A new poem by Dunedin poet and novelist Emma Neale.
I’m lying here at night next to our son’s hospital bed
her warm little hand in mine
while in the next bay another child was crying,
empty chairs watched by his side.
Safe after surgery, our son slept, if intermittently;
this nine-month-old baby, not at all.
Her moan was so cold and sorry
I remembered an image from a long-forgotten movie:
a blind arctic fox trotted on the ice
which broke and thus calved a small pack ice
took it out to sea, alone.
I slipped to stand by the metal bed
near the baby in its nest of tubes and needles.
Hush, hush, baby, I whispered, hey, hey, little baby.
Her cry swelled and then fell like snow.
I called the night nurse, I asked,
can I hold the baby when you are busy, can I touch it safely?
Better not, she said. Parents might not approve.
Half scared to hear, I asked, Where are they?
At home, she answered. They just aren’t very involved.
I’ve been looking for shock or judgment
in the light brackets of his mouth;
wanted to cling to his choice: terribly,
but I saw the exercised calm of his face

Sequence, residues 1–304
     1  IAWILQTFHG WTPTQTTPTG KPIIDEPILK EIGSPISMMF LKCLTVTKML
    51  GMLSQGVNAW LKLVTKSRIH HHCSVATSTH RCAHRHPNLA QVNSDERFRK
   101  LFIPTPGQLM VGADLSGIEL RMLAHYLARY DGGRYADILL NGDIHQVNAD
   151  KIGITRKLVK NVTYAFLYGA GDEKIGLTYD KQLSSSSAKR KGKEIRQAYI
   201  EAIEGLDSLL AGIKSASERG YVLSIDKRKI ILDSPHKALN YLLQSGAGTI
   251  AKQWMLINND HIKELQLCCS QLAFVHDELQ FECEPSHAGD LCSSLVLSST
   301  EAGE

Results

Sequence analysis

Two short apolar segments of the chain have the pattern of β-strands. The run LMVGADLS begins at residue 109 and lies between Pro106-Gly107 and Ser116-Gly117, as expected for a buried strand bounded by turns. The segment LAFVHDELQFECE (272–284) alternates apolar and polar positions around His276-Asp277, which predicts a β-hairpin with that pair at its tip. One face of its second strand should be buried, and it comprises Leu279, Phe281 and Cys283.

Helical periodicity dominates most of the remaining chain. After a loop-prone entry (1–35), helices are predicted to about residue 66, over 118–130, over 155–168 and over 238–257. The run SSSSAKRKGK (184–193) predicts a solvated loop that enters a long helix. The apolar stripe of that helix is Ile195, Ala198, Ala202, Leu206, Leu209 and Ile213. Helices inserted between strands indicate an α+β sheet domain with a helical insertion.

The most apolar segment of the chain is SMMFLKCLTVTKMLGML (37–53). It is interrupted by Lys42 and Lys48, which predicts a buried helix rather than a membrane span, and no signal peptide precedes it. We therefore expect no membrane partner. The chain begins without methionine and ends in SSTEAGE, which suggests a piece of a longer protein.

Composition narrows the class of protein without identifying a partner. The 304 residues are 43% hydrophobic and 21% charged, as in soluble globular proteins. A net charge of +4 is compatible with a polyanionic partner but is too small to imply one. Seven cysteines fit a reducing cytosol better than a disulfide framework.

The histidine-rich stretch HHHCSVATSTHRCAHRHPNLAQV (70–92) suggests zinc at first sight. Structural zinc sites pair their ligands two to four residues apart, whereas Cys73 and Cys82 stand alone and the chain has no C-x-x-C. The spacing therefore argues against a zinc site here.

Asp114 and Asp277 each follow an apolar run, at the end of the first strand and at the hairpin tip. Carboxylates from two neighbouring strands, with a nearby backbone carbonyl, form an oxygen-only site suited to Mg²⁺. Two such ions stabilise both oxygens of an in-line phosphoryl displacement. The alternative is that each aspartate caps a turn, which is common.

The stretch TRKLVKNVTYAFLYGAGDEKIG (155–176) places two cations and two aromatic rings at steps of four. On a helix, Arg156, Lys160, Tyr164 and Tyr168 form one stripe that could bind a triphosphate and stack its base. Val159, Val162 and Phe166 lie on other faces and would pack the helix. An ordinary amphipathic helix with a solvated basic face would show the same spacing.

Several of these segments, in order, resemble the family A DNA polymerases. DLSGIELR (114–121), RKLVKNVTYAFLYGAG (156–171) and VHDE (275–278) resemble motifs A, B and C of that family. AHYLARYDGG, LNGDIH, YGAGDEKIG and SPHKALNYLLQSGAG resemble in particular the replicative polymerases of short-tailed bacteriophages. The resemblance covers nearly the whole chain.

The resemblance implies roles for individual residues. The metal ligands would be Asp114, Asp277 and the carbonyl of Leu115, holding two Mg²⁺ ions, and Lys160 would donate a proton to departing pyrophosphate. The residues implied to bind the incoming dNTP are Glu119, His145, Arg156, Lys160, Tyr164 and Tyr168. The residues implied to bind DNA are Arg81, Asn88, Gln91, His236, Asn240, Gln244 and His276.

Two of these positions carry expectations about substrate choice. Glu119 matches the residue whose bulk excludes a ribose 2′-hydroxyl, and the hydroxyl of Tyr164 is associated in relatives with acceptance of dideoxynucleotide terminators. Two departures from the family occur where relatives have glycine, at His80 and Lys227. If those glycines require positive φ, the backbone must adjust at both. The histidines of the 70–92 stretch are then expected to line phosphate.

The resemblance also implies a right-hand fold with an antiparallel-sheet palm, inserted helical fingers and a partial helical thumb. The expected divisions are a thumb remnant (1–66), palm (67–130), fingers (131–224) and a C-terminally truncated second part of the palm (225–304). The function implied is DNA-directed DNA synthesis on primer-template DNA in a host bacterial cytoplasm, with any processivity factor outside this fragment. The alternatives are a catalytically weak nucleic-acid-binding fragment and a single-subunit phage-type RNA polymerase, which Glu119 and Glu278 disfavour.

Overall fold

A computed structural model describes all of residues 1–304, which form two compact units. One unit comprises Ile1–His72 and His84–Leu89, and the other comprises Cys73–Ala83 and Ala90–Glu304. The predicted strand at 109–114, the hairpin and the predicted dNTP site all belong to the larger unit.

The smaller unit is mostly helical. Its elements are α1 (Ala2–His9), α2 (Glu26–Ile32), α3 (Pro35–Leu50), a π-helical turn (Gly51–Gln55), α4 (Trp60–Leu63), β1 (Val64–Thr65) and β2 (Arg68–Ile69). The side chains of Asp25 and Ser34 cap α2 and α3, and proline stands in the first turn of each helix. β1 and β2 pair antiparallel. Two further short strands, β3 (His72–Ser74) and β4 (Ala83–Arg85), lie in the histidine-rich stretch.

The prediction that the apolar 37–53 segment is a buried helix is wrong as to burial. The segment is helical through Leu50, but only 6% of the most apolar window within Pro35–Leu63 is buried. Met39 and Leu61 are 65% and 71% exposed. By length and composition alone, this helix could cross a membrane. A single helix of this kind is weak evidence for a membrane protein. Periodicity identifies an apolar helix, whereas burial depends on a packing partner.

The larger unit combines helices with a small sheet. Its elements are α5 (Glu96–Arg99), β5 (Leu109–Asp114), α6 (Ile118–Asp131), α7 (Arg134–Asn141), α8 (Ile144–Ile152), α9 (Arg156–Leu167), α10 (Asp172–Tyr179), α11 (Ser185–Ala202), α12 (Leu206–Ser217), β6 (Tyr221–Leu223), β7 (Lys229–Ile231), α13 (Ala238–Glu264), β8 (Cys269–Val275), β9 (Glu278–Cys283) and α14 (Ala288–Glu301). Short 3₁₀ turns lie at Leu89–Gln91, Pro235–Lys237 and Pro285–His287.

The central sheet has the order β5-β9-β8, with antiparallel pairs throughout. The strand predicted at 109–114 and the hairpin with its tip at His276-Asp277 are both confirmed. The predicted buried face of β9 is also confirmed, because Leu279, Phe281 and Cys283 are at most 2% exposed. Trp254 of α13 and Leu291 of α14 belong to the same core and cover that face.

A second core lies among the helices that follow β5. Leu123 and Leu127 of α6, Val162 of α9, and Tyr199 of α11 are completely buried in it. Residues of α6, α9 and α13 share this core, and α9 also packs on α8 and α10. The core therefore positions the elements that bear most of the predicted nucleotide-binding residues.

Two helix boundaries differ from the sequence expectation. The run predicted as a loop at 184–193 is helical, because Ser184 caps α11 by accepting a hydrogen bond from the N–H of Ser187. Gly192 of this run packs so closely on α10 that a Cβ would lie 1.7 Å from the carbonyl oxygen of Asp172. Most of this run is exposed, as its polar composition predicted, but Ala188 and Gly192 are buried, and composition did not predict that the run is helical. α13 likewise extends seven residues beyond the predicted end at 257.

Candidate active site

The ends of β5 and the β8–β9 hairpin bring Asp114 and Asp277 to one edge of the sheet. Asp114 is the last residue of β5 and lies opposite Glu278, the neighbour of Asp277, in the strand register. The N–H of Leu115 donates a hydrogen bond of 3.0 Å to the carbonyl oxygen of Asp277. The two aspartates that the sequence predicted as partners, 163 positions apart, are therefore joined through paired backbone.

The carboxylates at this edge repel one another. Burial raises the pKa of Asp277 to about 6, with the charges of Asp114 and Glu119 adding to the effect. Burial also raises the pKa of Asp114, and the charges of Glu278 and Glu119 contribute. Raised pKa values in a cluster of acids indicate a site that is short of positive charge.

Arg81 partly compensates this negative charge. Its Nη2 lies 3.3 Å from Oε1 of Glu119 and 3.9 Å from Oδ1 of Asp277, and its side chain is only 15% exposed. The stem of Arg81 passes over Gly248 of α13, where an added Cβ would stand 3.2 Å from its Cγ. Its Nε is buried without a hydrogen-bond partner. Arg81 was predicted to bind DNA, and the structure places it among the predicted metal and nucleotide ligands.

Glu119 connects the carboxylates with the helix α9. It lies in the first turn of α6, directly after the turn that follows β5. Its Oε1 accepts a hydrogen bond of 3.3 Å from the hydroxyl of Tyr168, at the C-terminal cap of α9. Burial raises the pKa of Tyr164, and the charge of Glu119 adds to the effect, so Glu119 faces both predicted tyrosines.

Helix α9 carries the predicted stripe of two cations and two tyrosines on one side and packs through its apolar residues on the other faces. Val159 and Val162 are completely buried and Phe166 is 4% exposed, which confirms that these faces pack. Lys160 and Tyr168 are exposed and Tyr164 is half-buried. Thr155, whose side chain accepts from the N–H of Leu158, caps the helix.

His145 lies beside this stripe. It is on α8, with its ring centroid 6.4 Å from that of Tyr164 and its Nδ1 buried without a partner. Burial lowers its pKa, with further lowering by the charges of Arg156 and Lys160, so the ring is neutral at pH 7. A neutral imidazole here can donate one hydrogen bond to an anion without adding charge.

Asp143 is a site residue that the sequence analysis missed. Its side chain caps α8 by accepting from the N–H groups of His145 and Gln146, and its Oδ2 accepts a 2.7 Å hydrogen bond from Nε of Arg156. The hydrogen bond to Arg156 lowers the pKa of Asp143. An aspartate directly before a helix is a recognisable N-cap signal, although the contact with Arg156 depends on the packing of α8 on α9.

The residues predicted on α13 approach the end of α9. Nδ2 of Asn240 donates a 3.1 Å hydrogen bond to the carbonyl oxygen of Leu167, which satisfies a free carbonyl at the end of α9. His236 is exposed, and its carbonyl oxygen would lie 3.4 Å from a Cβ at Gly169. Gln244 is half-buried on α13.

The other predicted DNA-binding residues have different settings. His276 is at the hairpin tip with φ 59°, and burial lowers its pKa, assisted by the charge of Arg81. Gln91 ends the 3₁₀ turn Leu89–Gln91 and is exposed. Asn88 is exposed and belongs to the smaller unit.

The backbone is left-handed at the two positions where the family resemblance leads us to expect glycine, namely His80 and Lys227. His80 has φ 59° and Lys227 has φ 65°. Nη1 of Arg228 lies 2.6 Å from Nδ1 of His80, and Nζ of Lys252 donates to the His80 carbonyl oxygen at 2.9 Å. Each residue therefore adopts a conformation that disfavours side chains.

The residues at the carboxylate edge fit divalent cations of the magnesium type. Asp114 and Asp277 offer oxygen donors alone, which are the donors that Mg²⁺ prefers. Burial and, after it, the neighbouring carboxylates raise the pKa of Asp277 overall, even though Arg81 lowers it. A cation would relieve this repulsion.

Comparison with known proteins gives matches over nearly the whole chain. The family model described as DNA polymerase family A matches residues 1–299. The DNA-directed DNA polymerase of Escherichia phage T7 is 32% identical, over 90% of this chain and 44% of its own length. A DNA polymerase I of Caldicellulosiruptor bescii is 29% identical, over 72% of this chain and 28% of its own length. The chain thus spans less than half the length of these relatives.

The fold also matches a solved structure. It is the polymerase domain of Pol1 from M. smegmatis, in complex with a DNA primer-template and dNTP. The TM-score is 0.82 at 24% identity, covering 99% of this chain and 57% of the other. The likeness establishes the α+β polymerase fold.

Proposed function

simply meant that she had seen much worse.
I then thought of our own first maternity nurse,
the platitudes escaped, cheerful as free brochures:
Babies bring all the love they need.
The headlines said otherwise.
And the abandoned ones, I asked, the abandoned ones?
His response: Their souls are on a journey, to atone for past lives.
Fictions that she told her clients, not having the impression that they were lies.
Homilies to keep coming to his work
where she saw miseries she couldn’t fix
even if she could say, hush, hush, small;
even if she could, once a fortnight, then once a month
for a set time, lift each baby,
give some, briefly, all the love they had come to bear.
The Friday Poem is edited by Chris Tse. Submissions are currently closed.